13. Though cloning is a relatively straightforward operation, I went through hell trying to find an optimal solution. What seemed an easy an obvious excercise turned out to be trickier on my particular setup than I realised. Here's a HOWTO for those who want a simple straightforward solution to cloning their systems. Much if not most of this information has been shamelessly plagiarised from this forum, other posts on the Internet etc etc so thanks to all who "contributed" in advance. Why clone? - Your HD is about to die - You want to install multiple systems on similar hardware - You frequently reinstall and want to revert back to a working setup in the minimum amount of time - You want to backup your system at any given time before performing potentially risky upgrades - [insert your own reasons here] Working methods (at least for me) for cloning Hackintosh using the JAS 10.4.8 PPF1 PPF2 (or similar) installation - Use Ghost in DOS and clone disk to disk. Use Ghost 2003 (it supports SATA). Your harddisks need to be the same size or your destination drive will need to be larger. Problem: It is not possible to resize the partition or to clone to a smaller drive. Using Ghost is beyond the scope of this post, check the Internet for further details. Resizing HFS partitions appears to be a bit of a black art. I only managed in destroying my installations and eventually gave up. - Use the JAS 10.4.8 or similar installation DVD, a USB harddisk and RsyncX. This option allows one to backup your entire installation to an image file which can then be restored to any sized harddisk, provided the uncompressed image isn't larger than the total harddisk size. Depending on how many IDE channels you have and whether SATA works on your motherboard, you may not need the USB drive. In my case, I needed 1 IDE channel for the harddisk, the 2nd channel for the DVD writer and didn't have spare working IDE or SATA interfaces for this excercise, hence the requirement for a USB drive. To clone: ======= 1 - Install OSX 10.4.8 or whatever you're installing off on your blank harddisk in IDE1, configure it and patch it the way you want it. Add all updates, software etc. etc. Check the install guides in case you're uncertain how to install OSX on Hackintosh. You may also want to run Disk Verify and Check Permissions before starting the cloning operation. 2 - Once your system has been configured the way you want it, it is time to reboot. Plug in your blank or about to be formatted USB drive and reboot off your install DVD again. Once the installer has loaded, go to Disk Utility at the Installation screen and partition your USB drive with at least 2 HFS+ Journaled partitions and make sure it's large enough to hold your backup images and a working install of OSX which will be added later. You could label them OSX and OSX2 or whatever you want. -Note - there appears to be a bizarre bug with DU because the only way I could get the DARWIN bootloader on harddisks was to use DU from the installation DVD during the installation process booted off the DVD. All attempts to partition a disk WITH a working bootloader from a running Hackintosh system installed with 10.4.8 failed. 3 - Now you have a partitioned USB drive with 2 HFS partitions (one for a working Hackintosh installation and the other for dmg images) go back to Disk Utility, highlight your working Hackintosh volume that we are going to clone. Click on File, New, Disk Image from disk0s1. The "convert image" box will pop up asking for an image name and location to save to. You could call it disk0s1.10.4.8 or whatever you want. The location should be your USB drive partition OSX2. Make sure compression is turned on. There's not much point in encrypting unless you have a very good reason to do so. Click Save, sit back and wait for image backup to complete. This will take some time. 4 - Once the clone job completes, it's time for a reboot again. Remove the DVD and boot back into your working Hackintosh system. Copy the disk0s1.10.4.8.dmg image from your USB disk's OSX2 partition to your desktop. We're now going to restore this image (a working Hackintosh system) to your USB drive's OSX partition. Before we start, let's check the partitions on the USB drive first. 5 - Open Terminal. su - to root. Type fdisk /dev/rdisk1 (or whatever your USB drive is, you'll have to check) Once you've located your USB drive, the 1st partition will be the one where the image will be restored to and which the system will be booting off. It needs to be set to active. There's a fair chance that it isn't in which case we have to do this: fdisk -e /dev/rdisk1 p (print the partition layout to take a look) flag 1 (to set partition one active) w (to write the change) It'll come back with a warning message, say y (yes) and make the change. q (to quit fdisk) fdisk /dev/rdisk1 should now show partition 1 with an * next to it indicating that it's active. 6 - We need to restore the dmg image to the OSX partition on the USB drive. For this excercise we will use RSyncX 2.1 which can be downloaded here. http://www.versiontracker.com/dyn/moreinfo/macosx/16814 Install it. It is located under Applications Utilities once installed. 7 - Load RSyncX. Mount the dmg image with Toast. Drag the mounted image as the source into RSyncX. Drag the OSX partition of the USB drive into the destination area on RsyncX. RsyncX options are: Select Folder contents, archive, remove unmatched. Bootable source, make bootable OSX, run as admin This will clone the image contents (mounted in Toast) to the OSX partition on the USB drive. Click Synchronise and wait for job to complete. 8 - Once completed, the PC can be shut down. Disconnect the IDE drive and remove the boot DVD so that you can now test your USB drive's ability to boot as a fully working Hackintosh system. Boot your USB device, it should now load OSX. In case you see the b0 error while trying to bootstrap, it means that the wrong partition has been made active. You could boot your install DVD with -s and then check your partitions again on the USB drive to correct any issues. 9 - You can now use the USB drive to clone to other disks / partitions of any size whenever required. Remember to first partition any harddrives with Disk Utility booted from the installation DVD, otherwise you may have problems with a missing Darwin bootloader. There are no doubt other and possibly quicker ways to accomplish this but this method has worked well for me.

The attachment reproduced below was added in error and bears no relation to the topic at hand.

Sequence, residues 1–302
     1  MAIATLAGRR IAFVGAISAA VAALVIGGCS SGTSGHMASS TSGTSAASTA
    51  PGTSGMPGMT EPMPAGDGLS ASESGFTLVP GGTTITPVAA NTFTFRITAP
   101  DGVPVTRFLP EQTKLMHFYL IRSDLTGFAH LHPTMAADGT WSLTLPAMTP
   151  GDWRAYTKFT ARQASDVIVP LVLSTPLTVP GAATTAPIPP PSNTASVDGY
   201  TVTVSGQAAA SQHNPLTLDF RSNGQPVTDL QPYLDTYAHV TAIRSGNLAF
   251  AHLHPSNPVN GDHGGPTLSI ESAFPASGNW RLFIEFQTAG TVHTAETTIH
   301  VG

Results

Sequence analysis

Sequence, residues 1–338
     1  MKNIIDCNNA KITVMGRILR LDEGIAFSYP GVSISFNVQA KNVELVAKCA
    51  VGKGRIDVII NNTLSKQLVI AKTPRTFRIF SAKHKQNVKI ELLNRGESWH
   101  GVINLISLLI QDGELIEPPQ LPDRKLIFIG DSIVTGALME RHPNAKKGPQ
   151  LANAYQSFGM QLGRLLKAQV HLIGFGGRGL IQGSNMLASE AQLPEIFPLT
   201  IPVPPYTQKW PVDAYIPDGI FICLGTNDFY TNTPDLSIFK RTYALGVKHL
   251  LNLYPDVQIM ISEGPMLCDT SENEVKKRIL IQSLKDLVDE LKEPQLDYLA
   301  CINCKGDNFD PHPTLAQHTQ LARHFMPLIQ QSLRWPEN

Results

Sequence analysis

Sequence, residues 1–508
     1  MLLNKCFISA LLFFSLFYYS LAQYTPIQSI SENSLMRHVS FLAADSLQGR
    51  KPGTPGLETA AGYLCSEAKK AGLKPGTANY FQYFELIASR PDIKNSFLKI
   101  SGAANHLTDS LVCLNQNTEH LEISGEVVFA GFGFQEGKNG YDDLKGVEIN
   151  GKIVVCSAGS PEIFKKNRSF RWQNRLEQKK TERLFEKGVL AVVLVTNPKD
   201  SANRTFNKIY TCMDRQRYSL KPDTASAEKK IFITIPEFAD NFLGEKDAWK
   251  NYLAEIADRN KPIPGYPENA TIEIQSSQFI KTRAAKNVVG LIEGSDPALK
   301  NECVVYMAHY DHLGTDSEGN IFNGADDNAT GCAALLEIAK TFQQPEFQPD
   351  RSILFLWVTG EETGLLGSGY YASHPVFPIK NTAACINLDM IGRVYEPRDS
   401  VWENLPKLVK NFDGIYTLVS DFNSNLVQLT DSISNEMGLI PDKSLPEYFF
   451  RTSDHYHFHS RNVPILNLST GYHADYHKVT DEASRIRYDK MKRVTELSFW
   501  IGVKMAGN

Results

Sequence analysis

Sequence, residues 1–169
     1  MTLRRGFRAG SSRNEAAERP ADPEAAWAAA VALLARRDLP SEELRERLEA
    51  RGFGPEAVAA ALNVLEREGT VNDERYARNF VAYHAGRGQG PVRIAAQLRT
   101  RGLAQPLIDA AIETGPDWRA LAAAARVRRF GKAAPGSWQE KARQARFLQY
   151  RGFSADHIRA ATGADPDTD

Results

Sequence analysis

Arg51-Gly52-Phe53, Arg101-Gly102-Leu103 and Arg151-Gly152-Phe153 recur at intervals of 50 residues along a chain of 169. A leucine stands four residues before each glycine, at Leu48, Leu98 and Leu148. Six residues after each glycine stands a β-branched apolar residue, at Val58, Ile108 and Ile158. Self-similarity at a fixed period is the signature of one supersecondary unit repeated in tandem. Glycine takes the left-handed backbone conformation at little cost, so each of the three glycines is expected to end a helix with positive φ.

14. I've also used Ghost with success. Neither Carbon Copy Cloner nor Super Duper worked for me. A (free) method to clone the entire harddisk is to use g4l, aka "Ghost For Linux". In RAW mode it will clone the entire drive onto another drive of similar size. This will take some time to complete. Afterwards you probably want to reboot with the install CD thereafter and do a "repair disk" which will fix minor disk relate issues on the cloned drive.
  15. OK thanks, I wasn't sure about that one so never tried it with the 10.4.10 version. It seems that both would work and that this step is therefore unnecessary.